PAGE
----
I get how difficult it is to predict where the wind is going to blow. I live in Texas and it wrecks havoc with our weather. Tornados pop up out of nowhere. The wind seems to have a mind of its own.
There is a lesson in this. Jesus makes it clear. This is about the Spirit of God and the role the Spirit plays in transforming us.
5 Jesus answered, “Truly I tell you, unless someone is born of water and the Spirit, he cannot enter the kingdom of God. 6 Whatever is born of the flesh is flesh, and whatever is born of the Spirit is spirit. 7 Do not be amazed that I told you that you must be born again. 8 The wind blows where it pleases, and you hear its sound, but you don’t know where it comes from or where it is going. So it is with everyone born of the Spirit.” | John 3:5-8 (CSB)
It is likely that the evening wind was blowing just then as Nicodemus and Jesus sat on the housetop conversing. The word wind in both Hebrew and Greek can also be translated “spirit.” One of the symbols of the Spirit of God in the Bible is the wind or breath. Like the wind, the Spirit is invisible but powerful; and you cannot explain or predict the movements of the wind.
When Jesus used this symbol, Nicodemus should have readily remembered Ezekiel (37:1–14). The prophet saw a valley full of dead bones; but when he prophesied to the wind, the Spirit came and gave the bones life. Again, it was the combination of the Spirit of God and the Word of God that gave life. The nation of Israel (including Nicodemus and his fellow religious elites) was dead and hopeless; but in spite of the morality and religion of the people, they needed the life of the Spirit. Don’t we all!
The word for “Spirit” also means “wind”. Jesus plays on these two meanings to draw an analogy with the Spirit’s activity from the activity of wind. Until the last statement the accent falls on wind; but since the wind doesn’t “will” anything, this verb implies the additional meaning “Spirit.” For as personal, the Spirit does will.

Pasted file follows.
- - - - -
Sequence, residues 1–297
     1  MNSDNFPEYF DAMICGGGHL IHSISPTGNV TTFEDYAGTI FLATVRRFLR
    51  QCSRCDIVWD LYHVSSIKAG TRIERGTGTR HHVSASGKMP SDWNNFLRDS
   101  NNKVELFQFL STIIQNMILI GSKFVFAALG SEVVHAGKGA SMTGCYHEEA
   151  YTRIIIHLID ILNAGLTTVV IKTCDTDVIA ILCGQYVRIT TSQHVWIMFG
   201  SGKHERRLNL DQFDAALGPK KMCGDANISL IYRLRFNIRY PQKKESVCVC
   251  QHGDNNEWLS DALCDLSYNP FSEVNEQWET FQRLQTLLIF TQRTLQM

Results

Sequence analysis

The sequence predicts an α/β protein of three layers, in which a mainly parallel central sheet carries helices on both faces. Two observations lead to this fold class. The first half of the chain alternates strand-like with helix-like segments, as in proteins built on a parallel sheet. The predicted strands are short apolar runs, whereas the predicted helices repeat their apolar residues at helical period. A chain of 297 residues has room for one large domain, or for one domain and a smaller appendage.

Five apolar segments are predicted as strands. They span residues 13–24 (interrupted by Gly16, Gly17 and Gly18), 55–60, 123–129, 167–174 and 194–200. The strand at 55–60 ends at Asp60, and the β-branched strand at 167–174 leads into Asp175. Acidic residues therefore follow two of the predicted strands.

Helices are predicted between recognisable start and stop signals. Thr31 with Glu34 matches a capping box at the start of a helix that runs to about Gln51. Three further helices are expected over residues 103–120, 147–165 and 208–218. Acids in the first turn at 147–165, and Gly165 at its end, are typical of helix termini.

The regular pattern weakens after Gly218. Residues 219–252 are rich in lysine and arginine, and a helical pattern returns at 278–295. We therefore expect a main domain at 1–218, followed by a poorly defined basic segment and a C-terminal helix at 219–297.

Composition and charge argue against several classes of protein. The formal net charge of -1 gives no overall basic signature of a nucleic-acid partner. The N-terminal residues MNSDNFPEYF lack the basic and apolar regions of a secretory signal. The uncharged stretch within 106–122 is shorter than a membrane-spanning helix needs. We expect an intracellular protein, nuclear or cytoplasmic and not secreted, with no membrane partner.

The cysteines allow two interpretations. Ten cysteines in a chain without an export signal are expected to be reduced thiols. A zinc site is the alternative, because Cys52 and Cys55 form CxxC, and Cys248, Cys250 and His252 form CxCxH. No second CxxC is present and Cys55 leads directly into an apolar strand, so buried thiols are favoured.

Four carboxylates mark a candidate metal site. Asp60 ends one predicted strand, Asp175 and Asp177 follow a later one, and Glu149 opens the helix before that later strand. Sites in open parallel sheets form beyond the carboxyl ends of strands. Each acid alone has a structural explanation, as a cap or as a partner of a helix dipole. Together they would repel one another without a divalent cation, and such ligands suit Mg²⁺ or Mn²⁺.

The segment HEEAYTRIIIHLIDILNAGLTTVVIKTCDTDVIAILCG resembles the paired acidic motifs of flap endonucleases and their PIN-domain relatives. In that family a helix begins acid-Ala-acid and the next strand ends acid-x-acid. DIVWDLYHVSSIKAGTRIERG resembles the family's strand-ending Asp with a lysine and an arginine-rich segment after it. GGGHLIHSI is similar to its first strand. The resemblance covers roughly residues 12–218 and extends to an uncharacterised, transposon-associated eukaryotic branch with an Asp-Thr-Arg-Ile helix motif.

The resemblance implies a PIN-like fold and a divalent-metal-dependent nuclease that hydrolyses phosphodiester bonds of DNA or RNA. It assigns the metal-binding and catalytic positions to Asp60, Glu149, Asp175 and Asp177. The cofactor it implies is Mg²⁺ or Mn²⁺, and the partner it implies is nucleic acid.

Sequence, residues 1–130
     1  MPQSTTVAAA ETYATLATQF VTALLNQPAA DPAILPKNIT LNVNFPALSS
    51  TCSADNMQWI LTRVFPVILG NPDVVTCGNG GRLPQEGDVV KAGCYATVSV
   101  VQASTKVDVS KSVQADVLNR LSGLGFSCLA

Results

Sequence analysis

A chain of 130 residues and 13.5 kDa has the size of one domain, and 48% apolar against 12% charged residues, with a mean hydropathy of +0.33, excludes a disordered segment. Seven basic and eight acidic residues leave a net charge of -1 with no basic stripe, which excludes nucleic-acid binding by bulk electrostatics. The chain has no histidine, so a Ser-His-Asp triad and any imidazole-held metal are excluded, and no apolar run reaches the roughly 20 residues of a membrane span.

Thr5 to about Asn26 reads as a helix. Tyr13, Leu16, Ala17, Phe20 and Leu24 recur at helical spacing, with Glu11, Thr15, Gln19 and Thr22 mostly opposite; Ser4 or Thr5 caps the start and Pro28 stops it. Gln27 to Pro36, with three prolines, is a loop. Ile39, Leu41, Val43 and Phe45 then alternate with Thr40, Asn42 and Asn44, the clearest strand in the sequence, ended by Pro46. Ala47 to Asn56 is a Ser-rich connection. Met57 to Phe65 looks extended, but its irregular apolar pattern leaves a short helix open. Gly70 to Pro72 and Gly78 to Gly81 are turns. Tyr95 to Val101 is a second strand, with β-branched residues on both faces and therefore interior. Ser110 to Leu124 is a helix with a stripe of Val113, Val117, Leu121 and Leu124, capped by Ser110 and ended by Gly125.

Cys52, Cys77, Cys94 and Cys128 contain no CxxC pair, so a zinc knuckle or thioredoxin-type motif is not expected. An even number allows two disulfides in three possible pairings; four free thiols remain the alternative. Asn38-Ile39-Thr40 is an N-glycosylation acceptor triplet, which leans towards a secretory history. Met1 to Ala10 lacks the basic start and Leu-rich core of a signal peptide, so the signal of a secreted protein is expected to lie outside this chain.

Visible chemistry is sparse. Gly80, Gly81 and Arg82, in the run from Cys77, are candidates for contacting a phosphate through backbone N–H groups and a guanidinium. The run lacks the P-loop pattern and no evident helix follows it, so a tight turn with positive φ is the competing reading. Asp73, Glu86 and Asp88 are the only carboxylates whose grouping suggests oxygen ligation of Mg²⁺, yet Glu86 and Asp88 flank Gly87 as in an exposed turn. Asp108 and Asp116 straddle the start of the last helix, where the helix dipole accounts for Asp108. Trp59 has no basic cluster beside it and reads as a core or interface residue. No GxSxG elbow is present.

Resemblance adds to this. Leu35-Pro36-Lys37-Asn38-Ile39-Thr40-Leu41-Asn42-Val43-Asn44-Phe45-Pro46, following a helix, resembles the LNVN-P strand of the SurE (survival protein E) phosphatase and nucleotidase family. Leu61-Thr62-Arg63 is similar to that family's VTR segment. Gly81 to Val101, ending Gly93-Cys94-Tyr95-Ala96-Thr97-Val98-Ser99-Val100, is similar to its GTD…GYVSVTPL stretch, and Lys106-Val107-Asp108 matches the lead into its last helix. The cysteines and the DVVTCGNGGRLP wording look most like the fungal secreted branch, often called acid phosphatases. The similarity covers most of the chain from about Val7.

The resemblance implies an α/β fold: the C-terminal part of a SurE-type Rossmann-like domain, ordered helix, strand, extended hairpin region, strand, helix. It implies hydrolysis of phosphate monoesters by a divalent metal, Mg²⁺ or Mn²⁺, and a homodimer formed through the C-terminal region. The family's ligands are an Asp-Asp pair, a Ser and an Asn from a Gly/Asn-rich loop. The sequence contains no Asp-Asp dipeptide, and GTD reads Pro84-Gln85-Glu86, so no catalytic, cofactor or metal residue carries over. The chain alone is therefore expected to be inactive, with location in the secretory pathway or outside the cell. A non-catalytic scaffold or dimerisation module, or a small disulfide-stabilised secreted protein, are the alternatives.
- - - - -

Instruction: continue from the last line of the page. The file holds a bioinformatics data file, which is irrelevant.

And “blows” is a verbal form of “wind/Spirit.” So we could also translate as follows: “The Spirit spirits where he wills”. This blowing, or spiriting, represents birthing people from above.
“Where it/he wills” emphasizes divine sovereignty in the birthing from above: “the Son makes alive those whom he wills [to make alive]” (5:21), and “You didn’t select me; rather, I selected you” (15:16). Hearing the sound of wind compares with hearing the voice of the Spirit so as to believe in Jesus. In fact, Jesus’ voice is heard in the Spirit’s voice, “Everyone who’s from the truth hears my voice,” “My sheep hear my voice … and they follow me”.
Just as Nicodemus doesn’t know where the wind comes from and where it goes, neither does he know where the Spirit comes from and goes. The Spirit’s heavenly origin and destination are unknown to human beings because they’ve never been there.
Contrast and compare Jesus’ statements:
- “I know where I came from and where I’m going. But you don’t know where I’m coming from or where I’m going,”
- “knowing … that he had come forth from God and is going to God.”
There’s a parallel between the Spirit and Jesus in the work of birthing from above, because he’s the bearer of the windy Spirit.
“Thus is everyone who has been born out of the Spirit” means that like the Spirit (and Jesus), those born out of the Spirit are from above in that the heaven-sent Spirit constitutes their true origin and guarantees their ultimate destination. Or as Jesus will put it, his disciples don’t originate from the world though they’re in the world; and he’ll ask that they may see him in his heavenly glory.
Here is the literal translation:
“The wind/Spirit blows where it/he wills [to blow], and you [singular again and following] hear its/his sound/voice. Nevertheless, you don’t know where it/he is coming from and where it/he is going. Thus is everyone who has been born out of the Spirit.”
Christian Standard Bible. (2017). (Jn 3:5–9). Nashville, TN: Holman Bible Publishers.
Gundry, R. H. (2010). Commentary on the New Testament: Verse-by-Verse Explanations with a Literal Translation (pp. 360–361). Peabody, MA: Hendrickson Publishers.
Wiersbe, W. W. (1996). The Bible exposition commentary (Vol. 1, p. 296). Wheaton, IL: Victor Books.